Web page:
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HomeCentral AmericaGuatemalaGuatemala's New President Faces Uphill Battle

Guatemala’s New President Faces Uphill Battle

After winning the presidency of Guatemala with the promise of a head-on fight against corruption, Bernardo Arévalo completes 100 days in power this Tuesday without exhibiting significant achievements. “Our number one priority is to shut off the flow of public resources to the corrupt,” Arévalo proclaimed in February, but so far he has not taken any significant measures.

He has only created a commission to detect irregularities in the public sector and reported to justice a minister from the previous government for a questioned purchase of Russian anti-covid vaccines.

Arévalo also dismissed the Minister of Environment and Natural Resources for “misuse of state resources,” after it came to light that her daughter allegedly used an official vehicle for personal activities. Despite this, political analysts and business and indigenous leaders point out that his government is “decent,” something not minor in a country that ranks 154 out of 180 countries in the corruption ranking of the NGO Transparency International.

“It is a very lukewarm start […]. There was time for them to organize a much greater offensive on the issue of fighting corruption,” said Manfredo Marroquín from the local branch of Transparency. “They could have come in stronger to document the looting of the last four years,” because “never before” was there such a high vote against the “corrupt system,” he adds.

There is no setback

Constitutionalist Edgar Ortiz states that for now there are only “good intentions,” but “a strategy” against corruption is lacking. “The people of Guatemala […] want to see concrete actions to clean up our institutions,” said Ernesto Alarcón, leader of the National Business Council.

Independent analyst Marielos Chang has a similar opinion: “We have not seen either legislative initiatives or public policies that demonstrate that they already had an idea of what was necessary to reform to reduce the spaces for corruption.”

However, Chang points out that Arévalo lacks the authoritarian traits of presidents Jimmy Morales (2016-2020) and Alejandro Giammattei (2020-2024). “It is not perceived that we are going into a democratic setback,” she notes. “So far it is a decent government, it is a government with a democratic vocation, that is not minor,” says Ortiz.

High risk

Arévalo cohabits with the questioned Attorney General Consuelo Porras, who in 2023 undertook a crusade against him that put the presidential transition at risk and which he denounced as an attempted “coup d’état.” Since he lacks the power to remove her, he reported her to the Supreme Court for “dereliction of duty” in an effort to have her removed.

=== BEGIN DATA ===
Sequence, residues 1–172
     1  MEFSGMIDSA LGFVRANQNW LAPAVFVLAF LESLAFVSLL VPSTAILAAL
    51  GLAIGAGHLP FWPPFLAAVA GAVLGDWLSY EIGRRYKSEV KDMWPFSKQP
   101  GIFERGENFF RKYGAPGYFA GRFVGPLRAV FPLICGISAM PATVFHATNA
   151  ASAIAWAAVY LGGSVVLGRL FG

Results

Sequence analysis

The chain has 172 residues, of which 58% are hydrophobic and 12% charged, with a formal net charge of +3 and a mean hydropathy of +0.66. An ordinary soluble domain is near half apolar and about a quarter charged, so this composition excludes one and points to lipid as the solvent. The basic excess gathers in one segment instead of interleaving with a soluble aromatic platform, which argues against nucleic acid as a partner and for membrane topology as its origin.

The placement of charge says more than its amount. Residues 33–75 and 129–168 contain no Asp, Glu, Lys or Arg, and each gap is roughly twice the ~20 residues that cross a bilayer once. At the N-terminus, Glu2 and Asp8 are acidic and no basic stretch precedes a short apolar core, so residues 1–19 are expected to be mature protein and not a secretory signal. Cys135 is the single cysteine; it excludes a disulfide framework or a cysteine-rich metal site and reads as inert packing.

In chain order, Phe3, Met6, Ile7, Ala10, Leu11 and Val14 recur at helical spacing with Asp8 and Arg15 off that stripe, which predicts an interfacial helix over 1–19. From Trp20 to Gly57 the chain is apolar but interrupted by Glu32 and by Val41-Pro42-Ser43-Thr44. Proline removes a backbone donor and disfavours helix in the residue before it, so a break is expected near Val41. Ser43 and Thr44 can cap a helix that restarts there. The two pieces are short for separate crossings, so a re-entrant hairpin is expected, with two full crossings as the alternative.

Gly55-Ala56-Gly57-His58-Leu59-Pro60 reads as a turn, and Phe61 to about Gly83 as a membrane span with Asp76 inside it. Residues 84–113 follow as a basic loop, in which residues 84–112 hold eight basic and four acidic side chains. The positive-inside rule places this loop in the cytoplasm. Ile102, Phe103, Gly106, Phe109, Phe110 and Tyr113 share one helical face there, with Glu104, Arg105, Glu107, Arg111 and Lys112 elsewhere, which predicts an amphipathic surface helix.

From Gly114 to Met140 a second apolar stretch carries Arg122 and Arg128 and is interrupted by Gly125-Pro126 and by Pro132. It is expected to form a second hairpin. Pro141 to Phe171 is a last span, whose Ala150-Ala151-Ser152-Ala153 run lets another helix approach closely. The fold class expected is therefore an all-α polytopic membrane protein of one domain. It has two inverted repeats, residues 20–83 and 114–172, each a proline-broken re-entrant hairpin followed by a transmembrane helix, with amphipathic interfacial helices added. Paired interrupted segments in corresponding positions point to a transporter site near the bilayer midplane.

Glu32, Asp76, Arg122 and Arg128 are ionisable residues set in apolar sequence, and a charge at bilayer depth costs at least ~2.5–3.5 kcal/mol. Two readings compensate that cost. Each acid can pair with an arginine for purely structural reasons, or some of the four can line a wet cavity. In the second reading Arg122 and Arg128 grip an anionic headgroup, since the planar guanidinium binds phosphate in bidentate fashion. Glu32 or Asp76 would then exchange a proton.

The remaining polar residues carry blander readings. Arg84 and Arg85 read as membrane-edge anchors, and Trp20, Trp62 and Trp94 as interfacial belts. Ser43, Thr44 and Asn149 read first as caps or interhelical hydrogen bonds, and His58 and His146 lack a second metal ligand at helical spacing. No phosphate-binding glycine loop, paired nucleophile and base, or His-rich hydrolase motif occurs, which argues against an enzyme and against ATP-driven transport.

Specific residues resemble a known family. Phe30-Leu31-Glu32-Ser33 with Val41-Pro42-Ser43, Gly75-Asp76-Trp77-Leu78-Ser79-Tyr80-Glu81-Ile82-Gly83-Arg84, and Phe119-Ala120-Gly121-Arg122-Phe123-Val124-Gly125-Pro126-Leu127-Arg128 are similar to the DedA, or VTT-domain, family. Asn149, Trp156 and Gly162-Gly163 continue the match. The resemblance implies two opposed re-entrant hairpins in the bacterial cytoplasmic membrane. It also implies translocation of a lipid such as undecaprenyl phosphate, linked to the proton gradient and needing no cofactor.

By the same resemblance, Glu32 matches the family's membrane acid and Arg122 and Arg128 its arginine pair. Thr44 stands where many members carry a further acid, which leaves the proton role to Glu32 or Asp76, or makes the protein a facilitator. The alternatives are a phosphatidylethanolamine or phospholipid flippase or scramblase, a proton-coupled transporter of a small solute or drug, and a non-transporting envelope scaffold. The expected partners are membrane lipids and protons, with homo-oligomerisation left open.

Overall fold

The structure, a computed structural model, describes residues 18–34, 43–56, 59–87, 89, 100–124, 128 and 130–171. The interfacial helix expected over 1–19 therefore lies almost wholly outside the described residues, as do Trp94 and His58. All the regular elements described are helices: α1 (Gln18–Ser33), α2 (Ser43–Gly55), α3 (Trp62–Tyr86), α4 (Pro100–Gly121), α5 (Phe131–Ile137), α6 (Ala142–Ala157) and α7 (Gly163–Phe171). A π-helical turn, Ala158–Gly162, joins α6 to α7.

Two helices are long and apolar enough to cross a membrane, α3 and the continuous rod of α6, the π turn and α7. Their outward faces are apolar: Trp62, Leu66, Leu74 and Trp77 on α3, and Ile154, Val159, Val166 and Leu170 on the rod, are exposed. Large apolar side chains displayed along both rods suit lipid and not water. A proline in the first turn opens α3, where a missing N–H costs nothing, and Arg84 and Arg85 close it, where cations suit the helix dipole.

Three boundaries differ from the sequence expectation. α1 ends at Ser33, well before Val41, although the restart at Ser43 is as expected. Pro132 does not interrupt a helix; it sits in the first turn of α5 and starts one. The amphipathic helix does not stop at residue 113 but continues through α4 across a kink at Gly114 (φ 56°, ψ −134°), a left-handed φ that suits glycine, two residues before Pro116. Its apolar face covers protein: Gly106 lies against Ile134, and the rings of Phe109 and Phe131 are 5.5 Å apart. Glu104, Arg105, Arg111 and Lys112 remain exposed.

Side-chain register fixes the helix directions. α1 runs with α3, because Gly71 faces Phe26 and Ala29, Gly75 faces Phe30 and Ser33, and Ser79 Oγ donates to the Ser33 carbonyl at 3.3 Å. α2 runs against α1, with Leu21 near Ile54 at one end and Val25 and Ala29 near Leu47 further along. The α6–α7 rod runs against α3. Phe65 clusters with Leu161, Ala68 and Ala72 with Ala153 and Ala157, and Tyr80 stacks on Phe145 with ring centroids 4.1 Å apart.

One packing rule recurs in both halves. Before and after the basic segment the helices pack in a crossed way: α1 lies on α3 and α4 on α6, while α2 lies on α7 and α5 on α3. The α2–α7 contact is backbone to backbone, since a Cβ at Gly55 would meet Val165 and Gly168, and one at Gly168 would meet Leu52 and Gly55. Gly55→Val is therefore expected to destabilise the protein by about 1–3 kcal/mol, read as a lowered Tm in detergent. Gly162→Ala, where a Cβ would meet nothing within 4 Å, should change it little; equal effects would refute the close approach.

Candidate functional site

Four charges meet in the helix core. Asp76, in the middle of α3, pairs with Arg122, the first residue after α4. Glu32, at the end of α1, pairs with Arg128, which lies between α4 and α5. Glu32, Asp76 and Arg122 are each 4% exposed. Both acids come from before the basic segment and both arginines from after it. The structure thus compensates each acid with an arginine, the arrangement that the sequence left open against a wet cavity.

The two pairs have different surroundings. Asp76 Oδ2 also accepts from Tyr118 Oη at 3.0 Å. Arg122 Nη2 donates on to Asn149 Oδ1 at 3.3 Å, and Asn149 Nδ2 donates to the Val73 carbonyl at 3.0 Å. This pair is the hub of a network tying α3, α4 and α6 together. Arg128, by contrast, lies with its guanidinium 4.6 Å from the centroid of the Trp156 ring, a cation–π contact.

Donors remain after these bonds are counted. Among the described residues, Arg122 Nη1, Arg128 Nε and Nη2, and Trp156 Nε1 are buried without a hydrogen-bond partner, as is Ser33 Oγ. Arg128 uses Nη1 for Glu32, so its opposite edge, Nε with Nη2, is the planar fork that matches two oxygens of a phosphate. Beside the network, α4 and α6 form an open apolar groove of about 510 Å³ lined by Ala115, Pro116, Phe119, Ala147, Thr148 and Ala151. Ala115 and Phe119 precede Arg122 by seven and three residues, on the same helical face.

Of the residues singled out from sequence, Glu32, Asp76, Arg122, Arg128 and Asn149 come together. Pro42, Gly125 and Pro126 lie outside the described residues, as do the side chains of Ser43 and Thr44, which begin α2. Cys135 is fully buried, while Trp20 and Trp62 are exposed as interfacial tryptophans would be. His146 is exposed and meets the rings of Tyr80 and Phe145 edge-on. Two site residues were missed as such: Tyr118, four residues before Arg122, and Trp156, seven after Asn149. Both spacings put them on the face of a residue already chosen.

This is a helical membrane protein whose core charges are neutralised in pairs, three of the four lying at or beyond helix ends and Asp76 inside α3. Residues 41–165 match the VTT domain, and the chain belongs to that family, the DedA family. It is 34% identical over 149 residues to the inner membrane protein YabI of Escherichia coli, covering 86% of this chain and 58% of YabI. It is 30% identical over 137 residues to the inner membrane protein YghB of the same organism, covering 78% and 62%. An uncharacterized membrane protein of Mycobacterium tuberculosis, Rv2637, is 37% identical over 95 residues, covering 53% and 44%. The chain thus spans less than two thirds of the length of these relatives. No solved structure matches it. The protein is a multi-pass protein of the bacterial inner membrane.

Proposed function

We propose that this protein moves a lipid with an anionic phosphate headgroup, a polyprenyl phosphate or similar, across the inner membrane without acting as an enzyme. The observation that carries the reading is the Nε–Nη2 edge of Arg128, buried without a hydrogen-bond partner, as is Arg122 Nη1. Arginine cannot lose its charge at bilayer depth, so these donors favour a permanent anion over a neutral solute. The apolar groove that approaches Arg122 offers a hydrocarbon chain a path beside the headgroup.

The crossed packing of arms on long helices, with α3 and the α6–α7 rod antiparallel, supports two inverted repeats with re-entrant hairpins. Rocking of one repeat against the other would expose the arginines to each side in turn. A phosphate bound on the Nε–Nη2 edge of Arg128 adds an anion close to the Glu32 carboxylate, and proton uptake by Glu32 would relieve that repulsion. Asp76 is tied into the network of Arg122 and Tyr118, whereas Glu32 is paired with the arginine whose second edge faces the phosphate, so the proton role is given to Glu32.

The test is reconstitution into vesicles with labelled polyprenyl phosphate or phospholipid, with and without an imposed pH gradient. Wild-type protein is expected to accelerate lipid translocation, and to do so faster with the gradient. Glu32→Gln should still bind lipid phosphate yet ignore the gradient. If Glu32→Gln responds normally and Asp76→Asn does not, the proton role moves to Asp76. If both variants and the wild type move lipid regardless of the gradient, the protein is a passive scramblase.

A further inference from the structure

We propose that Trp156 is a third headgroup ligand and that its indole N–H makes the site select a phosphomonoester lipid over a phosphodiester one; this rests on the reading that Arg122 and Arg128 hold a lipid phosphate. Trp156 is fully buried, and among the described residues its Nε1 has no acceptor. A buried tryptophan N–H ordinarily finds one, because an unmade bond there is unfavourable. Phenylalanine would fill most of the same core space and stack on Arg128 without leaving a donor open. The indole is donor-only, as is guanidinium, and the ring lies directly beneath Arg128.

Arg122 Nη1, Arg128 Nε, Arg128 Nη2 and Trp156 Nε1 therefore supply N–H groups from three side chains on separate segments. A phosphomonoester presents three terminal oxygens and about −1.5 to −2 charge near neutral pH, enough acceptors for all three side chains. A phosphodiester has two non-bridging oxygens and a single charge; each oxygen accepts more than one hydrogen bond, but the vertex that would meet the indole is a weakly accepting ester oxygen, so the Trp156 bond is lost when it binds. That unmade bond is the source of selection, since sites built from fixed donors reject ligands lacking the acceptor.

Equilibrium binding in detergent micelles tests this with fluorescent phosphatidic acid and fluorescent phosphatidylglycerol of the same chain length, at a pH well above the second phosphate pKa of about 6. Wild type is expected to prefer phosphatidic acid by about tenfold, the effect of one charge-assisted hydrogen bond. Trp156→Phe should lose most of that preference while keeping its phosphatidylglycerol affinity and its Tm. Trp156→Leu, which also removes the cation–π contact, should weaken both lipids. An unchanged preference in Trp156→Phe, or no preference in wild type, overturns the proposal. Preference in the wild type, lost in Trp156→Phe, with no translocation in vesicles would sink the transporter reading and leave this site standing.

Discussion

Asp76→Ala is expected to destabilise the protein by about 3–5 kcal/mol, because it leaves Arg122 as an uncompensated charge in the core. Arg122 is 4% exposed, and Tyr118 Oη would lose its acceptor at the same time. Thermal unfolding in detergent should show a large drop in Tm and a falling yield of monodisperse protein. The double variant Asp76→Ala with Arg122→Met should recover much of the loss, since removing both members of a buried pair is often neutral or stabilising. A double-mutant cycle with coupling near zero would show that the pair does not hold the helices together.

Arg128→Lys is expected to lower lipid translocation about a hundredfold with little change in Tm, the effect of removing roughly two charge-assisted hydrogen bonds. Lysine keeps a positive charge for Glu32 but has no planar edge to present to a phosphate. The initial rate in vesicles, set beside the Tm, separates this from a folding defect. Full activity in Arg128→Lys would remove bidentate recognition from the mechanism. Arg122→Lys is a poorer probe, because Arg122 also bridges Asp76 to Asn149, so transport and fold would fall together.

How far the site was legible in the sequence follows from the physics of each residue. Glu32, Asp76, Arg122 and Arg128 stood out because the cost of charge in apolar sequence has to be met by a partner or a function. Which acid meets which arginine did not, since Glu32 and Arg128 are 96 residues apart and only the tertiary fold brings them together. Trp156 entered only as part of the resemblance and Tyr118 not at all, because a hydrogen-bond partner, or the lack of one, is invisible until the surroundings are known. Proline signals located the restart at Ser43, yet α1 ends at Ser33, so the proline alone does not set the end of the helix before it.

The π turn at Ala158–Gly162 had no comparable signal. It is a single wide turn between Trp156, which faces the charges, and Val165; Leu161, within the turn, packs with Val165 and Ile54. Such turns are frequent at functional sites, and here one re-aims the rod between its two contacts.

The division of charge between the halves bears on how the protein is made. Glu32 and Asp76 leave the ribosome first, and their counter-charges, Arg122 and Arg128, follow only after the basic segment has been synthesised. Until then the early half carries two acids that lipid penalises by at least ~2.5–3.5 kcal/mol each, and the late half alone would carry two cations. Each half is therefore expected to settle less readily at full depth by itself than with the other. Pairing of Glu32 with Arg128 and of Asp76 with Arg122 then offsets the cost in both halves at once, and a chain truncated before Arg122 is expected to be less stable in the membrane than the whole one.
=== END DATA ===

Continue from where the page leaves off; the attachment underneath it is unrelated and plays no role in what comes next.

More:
But Ortiz considers that it was a “big mistake” to use the judicial route, because in the country “manipulation of the law is the fertile ground” for “corrupt judges and prosecutors.”

“What will weigh most heavily on […] Arévalo is the fact that forceful actions or a plan to follow to achieve the dismissal of the Attorney General are not seen,” Chang indicates.

Sanctioned by the United States and the European Union as “corrupt,” Porras has sought to strengthen herself with meetings with opposition legislators and mayors.

In addition, she maintains a request to the judiciary to withdraw immunity from Arévalo in order to prosecute him for alleged money laundering in his Semilla party. “The Public Ministry openly tried to stage a coup d’état and now the agenda has not changed,” Ortiz warns.

Resigning oneself to “coexist” with the prosecutor is a “high risk game” for Arévalo, because it is like “sleeping with the enemy,” Marroquín points out. The indigenous Maya leader Luis Pacheco, who in 2023 led protests against the prosecutor, grants Arévalo the “benefit of the doubt,” because “the corruption pact still has some power.”

However, “the indigenous peoples are disappointed,” because leaders who were “at the forefront of the defense of democracy” were not taken into account “to contribute” to the government, Pacheco maintains.

The hope of the United States

The president has firm support from Washington: several high-ranking U.S. officials have visited the country and Arévalo met with President Joe Biden at the White House in March.

In the most populous country in Central America, 60% of its nearly 18 million inhabitants live in poverty, which encourages emigration to the United States. “The United States was very concerned that Guatemala would continue to be governed by a group of mobsters,” says Marroquín.

The Americans “are taking care that this new government is consolidated, because otherwise they will not have a reliable partner” in Central America, he adds. According to Ortiz, Washington has lost influence in this region, especially in Honduras and Nicaragua, which is why Arévalo “becomes their hope.”

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